I worked on a semester-long research project examining The Chronicles of Narnia by C.S. Lewis earlier this year. The author’s use of story to communicate his beliefs emerged as a glaring focal point for me. To Lewis, certain truths are easier to grasp when they are conveyed in a narrative form. For example, Lewis’s belief about the role that God plays in pain, while remaining loving, might be understood when presented in theological categories. However, certain thoughts, such as how God allows the existence of free will and yet remains in sovereign control, appear oppositional when placed in distinct, categorical compartments. Some truths of the heart are difficult for the head to reconcile.
In C.S. Lewis’s mind, these types of truths can be unified, synthesized, and demonstrated by presenting them in a story. Maybe that’s why when the author’s name is mentioned, most people think of a storyteller who traveled to different planets in The Space Trilogy, sent children to have fantastic adventures in another world in The Chronicles of Narnia, or visited heaven in The Great Divorce, instead of a theologian and apologist.
Lewis knew that stories are an effective means of moving, persuading, and informing about the God he believed in. Even the author’s more theologically heavy works such as The Problem of Pain and Mere Christianity are written in a relaxed, conversational style that relies heavily on illustration. However, Lewis did not pioneer the method of conveying theological ideas through narrative. Credit for that approach needs to be given to the Author and Finisher of all great stories, and the God Who created the human heart in His own image (Genesis 1:26) as a heart that loves story. If we realize that God has chosen to communicate His character primarily through a story that He is telling, it can open our eyes to read what He says in a new and exciting way.
A casual observer flipping through the Bible would quickly pick up that the Author of this book was not merely interested in providing facts about Himself with a neat, textbook arrangement. The first thing that God tells us about Himself is that He is the Creator—by telling a Creation story. Along with this, the reader will quickly catch on to the fact that this God is powerful—He has to be if He is creating—and that He is loving. Countless truths emerge about the God of the Bible through the first story He tells, and yet there is no scientific introduction that tells us exactly what God is like in a systematic, Wikipedia package.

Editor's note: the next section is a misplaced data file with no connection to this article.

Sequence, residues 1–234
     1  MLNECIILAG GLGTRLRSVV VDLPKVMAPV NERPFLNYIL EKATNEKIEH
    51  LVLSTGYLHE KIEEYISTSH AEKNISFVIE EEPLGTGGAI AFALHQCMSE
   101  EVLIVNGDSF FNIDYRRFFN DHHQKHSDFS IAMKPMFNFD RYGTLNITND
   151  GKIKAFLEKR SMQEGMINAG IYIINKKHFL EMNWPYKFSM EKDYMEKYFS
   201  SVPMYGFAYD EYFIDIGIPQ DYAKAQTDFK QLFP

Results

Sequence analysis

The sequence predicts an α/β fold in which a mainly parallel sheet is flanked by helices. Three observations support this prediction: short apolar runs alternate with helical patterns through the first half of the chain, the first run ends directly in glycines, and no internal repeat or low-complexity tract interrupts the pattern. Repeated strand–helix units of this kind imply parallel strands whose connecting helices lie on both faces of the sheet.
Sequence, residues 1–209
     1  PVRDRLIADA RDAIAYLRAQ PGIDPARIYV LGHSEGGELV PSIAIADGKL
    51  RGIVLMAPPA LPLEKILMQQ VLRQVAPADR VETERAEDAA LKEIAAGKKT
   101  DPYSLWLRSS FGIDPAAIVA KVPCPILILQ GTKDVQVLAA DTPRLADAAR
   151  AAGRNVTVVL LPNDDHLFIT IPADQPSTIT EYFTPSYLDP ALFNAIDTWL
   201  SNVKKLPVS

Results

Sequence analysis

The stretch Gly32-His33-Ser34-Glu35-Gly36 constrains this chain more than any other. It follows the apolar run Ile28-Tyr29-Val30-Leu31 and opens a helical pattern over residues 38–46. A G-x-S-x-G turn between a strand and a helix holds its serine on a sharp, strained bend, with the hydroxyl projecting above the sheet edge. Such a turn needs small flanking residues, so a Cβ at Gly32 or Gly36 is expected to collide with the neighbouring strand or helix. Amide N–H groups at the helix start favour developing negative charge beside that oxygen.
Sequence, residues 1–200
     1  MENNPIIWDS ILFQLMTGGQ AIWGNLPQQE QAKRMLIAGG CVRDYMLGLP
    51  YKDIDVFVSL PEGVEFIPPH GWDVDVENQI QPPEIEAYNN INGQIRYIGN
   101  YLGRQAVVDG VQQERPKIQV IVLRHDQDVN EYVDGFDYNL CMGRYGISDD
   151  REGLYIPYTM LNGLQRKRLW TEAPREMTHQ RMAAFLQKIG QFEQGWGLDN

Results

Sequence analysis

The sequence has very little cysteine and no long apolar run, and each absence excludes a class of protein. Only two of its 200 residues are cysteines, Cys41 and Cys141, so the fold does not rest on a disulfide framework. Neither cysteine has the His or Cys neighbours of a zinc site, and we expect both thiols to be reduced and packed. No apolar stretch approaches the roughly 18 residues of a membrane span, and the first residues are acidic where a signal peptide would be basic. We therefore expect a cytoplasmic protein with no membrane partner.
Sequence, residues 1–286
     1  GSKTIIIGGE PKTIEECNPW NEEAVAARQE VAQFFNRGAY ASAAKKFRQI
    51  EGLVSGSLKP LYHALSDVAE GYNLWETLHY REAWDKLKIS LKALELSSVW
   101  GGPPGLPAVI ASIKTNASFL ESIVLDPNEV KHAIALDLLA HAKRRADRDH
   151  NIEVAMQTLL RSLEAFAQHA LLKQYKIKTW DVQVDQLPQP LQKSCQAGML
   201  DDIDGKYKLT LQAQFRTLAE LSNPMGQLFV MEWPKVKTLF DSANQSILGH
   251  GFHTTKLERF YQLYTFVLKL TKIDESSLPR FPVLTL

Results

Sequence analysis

Most of us, however, are not coming to the Bible’s merely as casual observers but as people whose idea of the Bible has been slowly developing since we could first look at picture books and watch Bible cartoons. We eventually grew up and moved past a Jesus in an overly clean white robe and an Ark that was only about 20 feet long judging by the size of the zebra in our coloring book. Our understanding of the God that the Bible presents has expanded and matured to the point where we may forget that the Bible really is mostly a book of stories about what a Person is doing.
The God of the Bible has done something so much greater than giving us a textbook that tells us what He is. He has given us stories to observe how He acts. He does not just say He is faithful, but demonstrates what His covenant faithfulness looks like—not always giving the people He loves a soft bed to lie on no matter what, but keeping His promises to do all that is needed to keep them in a right relationship to them. God does not merely proclaim that He is powerful, but demonstrates His power in the lives of His people.
Sometimes, the obviousness of this eludes us, perhaps through familiarity. I sometimes read through Bible “stories” like they are an all-too familiar plot that I must wade through in order to successfully read through the Scriptures in a year. The way to navigate back to finding God in those stories is simply to remember that the entire book exist to reveal God.
We can open up the stories in the Bible with an anticipation that they will show us something about God without simply putting them through a theological filter by which we extract nuggets of doctrinal information and discard the rest. We get to know people’s character’s through observation of what they do, what they say, how they react to things, what they like and dislike. When we grasp that God has chosen to reveal Himself in stories, we can throw open our Bibles with joy and excitement. The God who delights to make Himself known is telling us about Himself and showing us who He is.
C.S. Lewis believed that truths of the heart are readily communicated through stories because stories speak to the heart. However, the idea of showing us the ways of God through narratives was not original to him. That honor belongs to the One who presents more than just fantasy and science fiction, but an accurate record of how He has loved people, showed mercy, exercised wrath, destroyed sin, and defeated death.